Are You Totally Improbable Or Totally Inevitable?
On The Other Hand...
Of course, there are poets who argue exactly the opposite: that each of us is fated to exist, that there is a plan, and that all of us are expected.
The Nobel Prize winning poet Wislawa Szymborska once wrote about two lovers who liked to think they'd met entirely by chance, but no, she says, there was nothing chancy about it. For years, she imagines, they'd almost met, almost, but not quite, until it was time...
...They'd be amazed to hear
that Chance has been toying with them
now for years.
Not quite ready yet
To become their Destiny,
it pushed them close, drove them apart,
it barred their path,
stifling a laugh,
and then leaped aside.
There were signs and signals,
Even if they couldn't read them yet.
Perhaps three years ago
or just last Tuesday
a certain leaf fluttered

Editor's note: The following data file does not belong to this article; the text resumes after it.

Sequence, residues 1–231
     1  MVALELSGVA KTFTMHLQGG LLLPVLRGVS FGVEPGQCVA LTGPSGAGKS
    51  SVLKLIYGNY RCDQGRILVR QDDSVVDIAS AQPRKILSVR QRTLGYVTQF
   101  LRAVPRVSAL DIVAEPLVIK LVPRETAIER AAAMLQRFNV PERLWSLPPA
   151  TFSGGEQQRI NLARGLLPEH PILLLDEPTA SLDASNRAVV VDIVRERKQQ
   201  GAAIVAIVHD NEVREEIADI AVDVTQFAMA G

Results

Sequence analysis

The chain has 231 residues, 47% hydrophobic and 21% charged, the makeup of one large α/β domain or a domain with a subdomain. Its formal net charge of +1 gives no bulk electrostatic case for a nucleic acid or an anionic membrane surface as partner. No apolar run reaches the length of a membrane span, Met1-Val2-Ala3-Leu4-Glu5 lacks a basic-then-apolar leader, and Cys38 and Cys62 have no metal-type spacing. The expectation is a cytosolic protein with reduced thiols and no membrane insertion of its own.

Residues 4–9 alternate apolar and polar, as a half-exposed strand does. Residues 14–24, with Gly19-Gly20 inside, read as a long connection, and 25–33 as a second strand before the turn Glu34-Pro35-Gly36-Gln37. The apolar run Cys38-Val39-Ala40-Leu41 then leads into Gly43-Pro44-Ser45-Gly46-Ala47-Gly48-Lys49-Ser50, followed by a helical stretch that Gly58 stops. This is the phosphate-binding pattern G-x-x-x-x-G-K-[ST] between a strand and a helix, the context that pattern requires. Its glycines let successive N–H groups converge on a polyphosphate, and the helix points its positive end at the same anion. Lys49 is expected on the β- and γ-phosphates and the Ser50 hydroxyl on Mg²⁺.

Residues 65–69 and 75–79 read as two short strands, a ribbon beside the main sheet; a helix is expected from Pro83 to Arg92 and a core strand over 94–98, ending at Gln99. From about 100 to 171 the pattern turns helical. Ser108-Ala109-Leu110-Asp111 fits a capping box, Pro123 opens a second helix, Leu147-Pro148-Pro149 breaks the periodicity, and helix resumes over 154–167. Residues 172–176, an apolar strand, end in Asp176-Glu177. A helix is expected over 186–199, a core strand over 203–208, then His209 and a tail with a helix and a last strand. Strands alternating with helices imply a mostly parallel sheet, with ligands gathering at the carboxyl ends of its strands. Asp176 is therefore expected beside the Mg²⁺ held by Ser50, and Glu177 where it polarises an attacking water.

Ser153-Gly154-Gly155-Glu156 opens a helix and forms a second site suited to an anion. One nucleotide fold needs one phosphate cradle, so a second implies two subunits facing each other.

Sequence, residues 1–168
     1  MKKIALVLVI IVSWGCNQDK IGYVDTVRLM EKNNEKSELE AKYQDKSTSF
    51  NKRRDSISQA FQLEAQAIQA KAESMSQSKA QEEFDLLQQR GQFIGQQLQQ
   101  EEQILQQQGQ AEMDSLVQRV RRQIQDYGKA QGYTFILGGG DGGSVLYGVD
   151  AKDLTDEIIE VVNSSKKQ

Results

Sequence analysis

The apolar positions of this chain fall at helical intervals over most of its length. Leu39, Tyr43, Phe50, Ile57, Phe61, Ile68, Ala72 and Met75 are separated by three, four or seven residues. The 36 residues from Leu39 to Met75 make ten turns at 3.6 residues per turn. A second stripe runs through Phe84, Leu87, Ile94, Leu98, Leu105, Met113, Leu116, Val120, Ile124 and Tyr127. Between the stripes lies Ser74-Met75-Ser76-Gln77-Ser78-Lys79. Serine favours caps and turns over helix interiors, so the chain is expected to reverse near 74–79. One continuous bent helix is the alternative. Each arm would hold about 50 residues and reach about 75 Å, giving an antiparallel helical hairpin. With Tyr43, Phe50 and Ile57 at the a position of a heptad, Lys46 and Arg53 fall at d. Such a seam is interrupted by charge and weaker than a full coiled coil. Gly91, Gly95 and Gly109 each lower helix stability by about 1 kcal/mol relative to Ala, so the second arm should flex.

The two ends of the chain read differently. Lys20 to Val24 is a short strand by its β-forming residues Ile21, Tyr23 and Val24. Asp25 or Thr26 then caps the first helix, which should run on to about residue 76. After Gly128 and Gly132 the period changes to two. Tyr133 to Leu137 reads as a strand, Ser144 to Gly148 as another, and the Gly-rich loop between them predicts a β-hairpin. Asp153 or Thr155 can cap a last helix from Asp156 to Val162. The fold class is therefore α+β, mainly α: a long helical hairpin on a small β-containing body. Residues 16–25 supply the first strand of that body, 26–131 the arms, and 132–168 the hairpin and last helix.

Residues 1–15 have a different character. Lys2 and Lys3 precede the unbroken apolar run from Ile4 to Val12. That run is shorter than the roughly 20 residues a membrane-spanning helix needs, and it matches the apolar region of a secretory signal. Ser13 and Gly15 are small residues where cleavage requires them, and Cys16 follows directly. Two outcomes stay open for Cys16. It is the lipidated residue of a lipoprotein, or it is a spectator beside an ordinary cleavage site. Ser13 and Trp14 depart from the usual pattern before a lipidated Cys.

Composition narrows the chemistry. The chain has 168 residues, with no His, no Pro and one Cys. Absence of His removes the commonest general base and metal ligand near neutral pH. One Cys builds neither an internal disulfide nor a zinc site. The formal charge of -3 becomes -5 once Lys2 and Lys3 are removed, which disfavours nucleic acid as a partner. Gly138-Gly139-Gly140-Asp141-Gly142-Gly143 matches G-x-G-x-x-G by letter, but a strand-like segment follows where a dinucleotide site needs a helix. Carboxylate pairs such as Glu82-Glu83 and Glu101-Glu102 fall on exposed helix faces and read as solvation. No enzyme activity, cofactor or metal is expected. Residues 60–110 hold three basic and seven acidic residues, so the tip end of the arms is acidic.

from one shoulder to another?
Something was dropped and then picked up.
Who knows, maybe the ball that vanished into childhood's thicket?
There were doorknobs and doorbells
where one touch had covered another
Suitcases checked and standing side by side.
One night, perhaps, the same dream,
grown hazy by morning.
Is only a sequel, after all,
and the book of events
is always open halfway through.
— from "Love at First Sight", Wislawa Szymborska, The End and The Beginning, 1993.
Were we meant to be, each and every one of us? Or are we glorious accidents, each and every one? Or are we some mysterious combination of impossible and inevitable? Or is it much too early in the week, this being only Monday, for thinking about stuff like this? I was toying with this other idea, about an owl who falls in love with a cat and brings it mice every day. What are the odds of that? Maybe that one would have been better.